2D dynamic array in C with pointer and without []

Hello,

I'd like to create 2D dynamic array in C with pointer and without [].
I wrote the below code in Visual Studio 2019 in Windows 10. But I have many warnings.

Could you please help me solve warnings?

Severity Code Description Project File Line Suppression State
Warning C4047 'initializing': 'int **' differs in levels of indirection from 'int *' C_Project02 C:\Users\My\source\repos\C_Project02\C_Project02\C_Project0e2.c 9


Severity Code Description Project File Line Suppression State
Warning C6011 Dereferencing NULL pointer '*(my+i)+j'. C_Project02 C:\Users\My\source\repos\C_Project02\C_Project02\C_Project0e2.c 19


Severity Code Description Project File Line Suppression State
Warning C6011 Dereferencing NULL pointer 'my+i'. C_Project02 C:\Users\My\source\repos\C_Project02\C_Project02\C_Project0e2.c 12


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#include <stdio.h>
#include<stdlib.h>

int main()
{
	int n, m;
	scanf_s("%d%d", &n, &m);

	int** my = (int*)malloc(sizeof(int*) * n);
	for (int i = 0; i < n; i++)
	{
		*(my + i) = (int*)malloc(sizeof(int) * m);
	}

	for (int i = 0; i < n; i++)
	{
		for (int j = 0; j < m; j++)
		{
			*(*(my + i) + j) = i + j;
		}
	}

	for (int i = 0; i < n; i++)
	{
		for (int j = 0; j < m; j++)
		{
			printf("%d ", *(*(my + i) + j));
		}
		printf("\n");
	}

	return 0;
}
does this help?

9) int** my = (int**)malloc(sizeof(int**) * n);

1. You're writing C, so there's no need for the malloc casts.

2. If you always write your mallocs in the form
p = malloc(sizeof(*p)*howmany);
then you don't have to play 'guess the type' in the sizeof expression.

With both of these, the variable type is in exactly one place (as it should be). Everything else flows naturally with the compiler doing all the work.

3. Better variable names. Anything other than loop variables should have a meaningful name.
i and j are fine for matrix loops variables (that's the mathematical notation IIRC), but personally I prefer r and c. Coupled with rows and cols as the respective dimensions, a mistake like for ( r = 0 ; r < cols is going to stick out like a sore thumb.

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#include <stdio.h>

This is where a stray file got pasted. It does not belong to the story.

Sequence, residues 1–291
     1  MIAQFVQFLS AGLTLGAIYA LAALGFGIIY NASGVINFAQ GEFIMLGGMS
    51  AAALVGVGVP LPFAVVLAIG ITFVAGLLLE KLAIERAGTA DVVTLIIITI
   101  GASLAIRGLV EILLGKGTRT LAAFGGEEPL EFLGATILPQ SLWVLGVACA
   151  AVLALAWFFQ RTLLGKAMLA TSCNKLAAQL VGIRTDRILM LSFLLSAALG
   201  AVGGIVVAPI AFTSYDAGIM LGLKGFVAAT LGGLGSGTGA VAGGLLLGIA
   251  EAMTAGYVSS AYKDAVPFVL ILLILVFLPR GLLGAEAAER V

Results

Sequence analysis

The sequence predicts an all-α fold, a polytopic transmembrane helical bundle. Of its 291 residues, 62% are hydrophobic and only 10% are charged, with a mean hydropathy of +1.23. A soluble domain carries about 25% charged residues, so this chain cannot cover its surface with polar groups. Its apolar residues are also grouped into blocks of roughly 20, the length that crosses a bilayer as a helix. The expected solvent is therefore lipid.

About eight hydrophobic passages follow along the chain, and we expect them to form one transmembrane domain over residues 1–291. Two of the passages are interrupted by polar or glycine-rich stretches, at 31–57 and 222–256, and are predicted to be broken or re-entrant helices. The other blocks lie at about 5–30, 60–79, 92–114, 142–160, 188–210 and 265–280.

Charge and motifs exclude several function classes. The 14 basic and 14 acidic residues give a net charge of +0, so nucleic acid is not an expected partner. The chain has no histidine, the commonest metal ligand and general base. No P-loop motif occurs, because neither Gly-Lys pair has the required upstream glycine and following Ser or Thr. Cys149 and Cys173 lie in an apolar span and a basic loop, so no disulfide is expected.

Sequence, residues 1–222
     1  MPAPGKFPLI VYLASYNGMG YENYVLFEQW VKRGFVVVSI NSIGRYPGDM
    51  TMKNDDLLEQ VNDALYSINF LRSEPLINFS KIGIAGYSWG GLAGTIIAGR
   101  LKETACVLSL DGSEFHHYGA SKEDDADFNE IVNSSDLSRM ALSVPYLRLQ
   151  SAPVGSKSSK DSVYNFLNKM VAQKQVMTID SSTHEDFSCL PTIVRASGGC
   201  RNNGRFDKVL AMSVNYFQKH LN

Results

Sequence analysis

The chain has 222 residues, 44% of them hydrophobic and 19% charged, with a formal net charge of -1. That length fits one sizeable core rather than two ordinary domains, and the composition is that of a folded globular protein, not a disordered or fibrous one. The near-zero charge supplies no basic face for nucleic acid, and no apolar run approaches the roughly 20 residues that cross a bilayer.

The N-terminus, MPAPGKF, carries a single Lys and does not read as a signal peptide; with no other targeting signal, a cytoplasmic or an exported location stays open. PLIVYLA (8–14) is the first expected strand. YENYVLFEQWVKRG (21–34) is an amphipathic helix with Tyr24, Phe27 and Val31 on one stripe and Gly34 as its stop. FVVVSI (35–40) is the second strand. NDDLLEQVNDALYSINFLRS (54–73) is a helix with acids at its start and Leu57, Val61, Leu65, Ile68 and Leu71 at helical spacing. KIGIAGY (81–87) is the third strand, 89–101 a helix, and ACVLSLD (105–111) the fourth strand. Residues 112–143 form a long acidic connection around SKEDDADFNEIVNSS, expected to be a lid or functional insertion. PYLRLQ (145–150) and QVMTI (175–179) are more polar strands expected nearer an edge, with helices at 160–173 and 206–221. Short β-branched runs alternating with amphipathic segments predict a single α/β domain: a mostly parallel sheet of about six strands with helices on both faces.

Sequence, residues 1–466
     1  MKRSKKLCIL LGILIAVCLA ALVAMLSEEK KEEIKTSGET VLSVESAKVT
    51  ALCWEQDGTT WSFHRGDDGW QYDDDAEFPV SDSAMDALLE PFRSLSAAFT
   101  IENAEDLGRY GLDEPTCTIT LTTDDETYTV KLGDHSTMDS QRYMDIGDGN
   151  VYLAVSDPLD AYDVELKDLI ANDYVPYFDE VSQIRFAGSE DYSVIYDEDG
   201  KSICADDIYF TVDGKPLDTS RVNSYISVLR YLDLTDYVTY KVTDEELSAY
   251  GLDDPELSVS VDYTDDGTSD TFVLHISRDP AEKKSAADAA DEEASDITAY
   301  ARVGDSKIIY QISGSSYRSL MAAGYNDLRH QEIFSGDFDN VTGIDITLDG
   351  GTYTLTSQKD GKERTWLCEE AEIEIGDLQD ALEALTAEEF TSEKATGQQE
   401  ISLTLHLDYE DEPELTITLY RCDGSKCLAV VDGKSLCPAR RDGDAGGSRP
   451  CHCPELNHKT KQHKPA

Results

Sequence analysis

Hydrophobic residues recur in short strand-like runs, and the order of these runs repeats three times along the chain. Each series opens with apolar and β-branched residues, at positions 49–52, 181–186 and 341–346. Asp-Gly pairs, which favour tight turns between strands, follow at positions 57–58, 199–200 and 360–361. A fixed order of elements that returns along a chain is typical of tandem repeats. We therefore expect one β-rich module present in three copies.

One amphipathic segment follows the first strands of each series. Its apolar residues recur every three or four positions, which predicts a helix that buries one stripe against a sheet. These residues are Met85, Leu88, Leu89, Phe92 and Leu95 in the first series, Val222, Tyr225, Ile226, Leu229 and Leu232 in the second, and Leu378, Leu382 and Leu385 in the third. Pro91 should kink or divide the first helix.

#include <stdlib.h>

int main()
{
	int rows, cols;
	scanf("%d%d", &rows, &cols);

	int** my = malloc(sizeof(*my) * rows);
	for (int r = 0; r < rows; r++)
	{
		// Ignoring my own advice, because sizeof(*(*(my + r))) looks silly.
		// Besides, the run-time value of r doesn't matter, it's all about the type,
		// so we reduce the specimen sizeof(*(*(my + 0))) to just **my
		*(my + r) = malloc(sizeof(**my) * cols);
	}

	for (int r = 0; r < rows; r++)
	{
		for (int c = 0; c < cols; c++)
		{
			*(*(my + r) + c) = r + c;
		}
	}

	for (int r = 0; r < rows; r++)
	{
		for (int c = 0; c < cols; c++)
		{
			printf("%d ", *(*(my + r) + c));
		}
		printf("\n");
	}

	return 0;
}

A point to note. A pointer is always the same size - irrespective as to what it points. So a pointer to int is the same size as a pointer to pointer to pointer to pointer to double. Also, there is calloc() in which you specify separately the size of an object and the number of objects. You can have say (as C):

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const size_t pSize =sizeof(*int);
...
int**my = calloc(rows, pSize);


Try:

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#include <stdio.h>
#include <stdlib.h>

int main()
{
	int rw, cl;

	puts("Enter number rows cols: ");
	scanf_s("%d%d", &rw, &cl);

	int** arr = calloc(rw, sizeof(int*));

	for (int r = 0; r < rw; ++r)
		*(arr + r) = calloc(cl, sizeof(int));

	for (int r = 0; r < rw; ++r)
		for (int c = 0; c < cl; ++c)
			*(*(arr + r) + c) = r + c;

	for (int r = 0; r < rw; ++r) {
		for (int c = 0; c < cl; ++c)
			printf("%d ", *(*(arr + r) + c));

		puts("");
	}

	return 0;
}


@salem c. L15. Should be malloc(sizeof(int) * cols); As you need here to allocate storage for the type of object being stored - which in this case in an int.


Enter number rows cols:
3 4
0 1 2 3
1 2 3 4
2 3 4 5

Last edited on
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